Background I’d been using the chest-based HRM with my old Garmin GPSMap 62s in 2011-2013. I liked the possibility to examine my pulse during the rides, especially the reaction of my body to various difficulties during the trip. For example, during the ford crossing in Iceland (I described the situation in this article), when my bike and gear were almost washed away, the heart rate jumped very noticeably. Also knowing the heart rate may prevent extreme exhaustion and possible damage to the heart.

Read more: Garmin vivosmart HR review (1)

Polar Equine Wrist Band

user rating: 4 of 5 (1 review)

The Polar wrist band accessory for the Polar CS 400 and CS 600 heart rate monitor is great way to use you monitor when you are training on a stationary bike at the gym. The monitor clips into the wrist band the same way it clips onto the holder attached to your bike. You can take it with you to the gym or on a hike it makes your monitor more useful.

Reasons to Buy

  • Wide wrist band
  • Easy to buckle
  • Secure

Reasons to Avoid

  • A little hard to attach monitor

The Polar wrist band accessory makes your Polar CS400 or CS 600 more useful by allowing you to use it when doing any other activity other than bicycling. The strap is fully adjustable and has a large, easy to use buckle. It's a  little difficult to get the monitor to snap in, but once it's in you know it's not going to pop out easily. You may want to wear a wrist band under the strap to help absorb sweat. The accessory is reasonably priced, well built, and easy to use. I have had it for a couple of weeks and use it at the gym when working out on the stationary bike or treadmill.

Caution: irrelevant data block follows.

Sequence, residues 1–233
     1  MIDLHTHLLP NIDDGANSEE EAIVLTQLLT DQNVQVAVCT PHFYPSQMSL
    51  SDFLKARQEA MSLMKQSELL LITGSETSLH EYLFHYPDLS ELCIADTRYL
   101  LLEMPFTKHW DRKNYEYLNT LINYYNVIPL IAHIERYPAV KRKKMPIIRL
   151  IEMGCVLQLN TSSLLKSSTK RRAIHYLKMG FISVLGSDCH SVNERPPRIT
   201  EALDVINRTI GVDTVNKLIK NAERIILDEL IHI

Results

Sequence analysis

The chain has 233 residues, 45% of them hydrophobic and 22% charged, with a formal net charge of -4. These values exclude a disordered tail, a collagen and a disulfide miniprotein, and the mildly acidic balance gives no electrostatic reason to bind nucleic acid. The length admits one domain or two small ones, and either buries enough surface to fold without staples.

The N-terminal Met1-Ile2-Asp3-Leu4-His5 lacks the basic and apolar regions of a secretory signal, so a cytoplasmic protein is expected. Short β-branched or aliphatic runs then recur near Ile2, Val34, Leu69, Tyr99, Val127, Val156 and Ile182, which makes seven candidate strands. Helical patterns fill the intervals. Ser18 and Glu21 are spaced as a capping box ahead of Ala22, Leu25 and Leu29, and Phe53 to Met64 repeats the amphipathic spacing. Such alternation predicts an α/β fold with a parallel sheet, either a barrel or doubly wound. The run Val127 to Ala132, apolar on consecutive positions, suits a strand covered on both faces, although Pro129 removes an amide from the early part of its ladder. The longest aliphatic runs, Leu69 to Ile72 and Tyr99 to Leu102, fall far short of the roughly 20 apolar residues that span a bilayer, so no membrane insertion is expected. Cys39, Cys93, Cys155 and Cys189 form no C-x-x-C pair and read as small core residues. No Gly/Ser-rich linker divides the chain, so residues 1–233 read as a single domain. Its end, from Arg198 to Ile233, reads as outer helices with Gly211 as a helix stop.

Read more: Polar Equine Wrist Band review (1)

Polar AXN700

user rating: 4 of 5 (2 reviews)

This is an extremely useful bit of gear. I bought the AXN 700 several years ago as I was doing lots of hiking at altitude, and I liked the fact that it would give me both a way to measure my exertion (through heart rate) as well as my progress (through the altimeter). As you would expect from a Polar heart rate monitor, the heart rate and training functions work solidly. The altimeter works reasonably well, about as well as my old Suunto Vector. The compass is iffy at best but these things often are.

Read more: Polar AXN700 reviews (2)

Suunto X6M

user rating: 5 of 5 (1 review)

Suunto X6M Black Collection review.For the purpose of this review I will be using the Suunto Core as a reference since most are familiar with it. Let me say, I love my "All Black Core" and I am not trying to belittle it. It is what it is. The Suunto X6M Black Collection has the superior build quality of the Observer with the features of the Core. It uses a dot matrix display that is THE clearest I have ever seen. The font is more rounded than the block type of the Core. It also has sub screens or "shortcuts" on the bottom of each display that can be used to display other information much like the Core.

Read more: Suunto X6M review (1)

More Reviews of Heart Rate Monitors

Trailspace reviewers have shared 45 reviews of 11 different heart rate monitors.

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Other Types of Watches

Find more watches reviewed in these related categories:

GPS Watches

Compass Watches

Altimeter Watches

+5 more types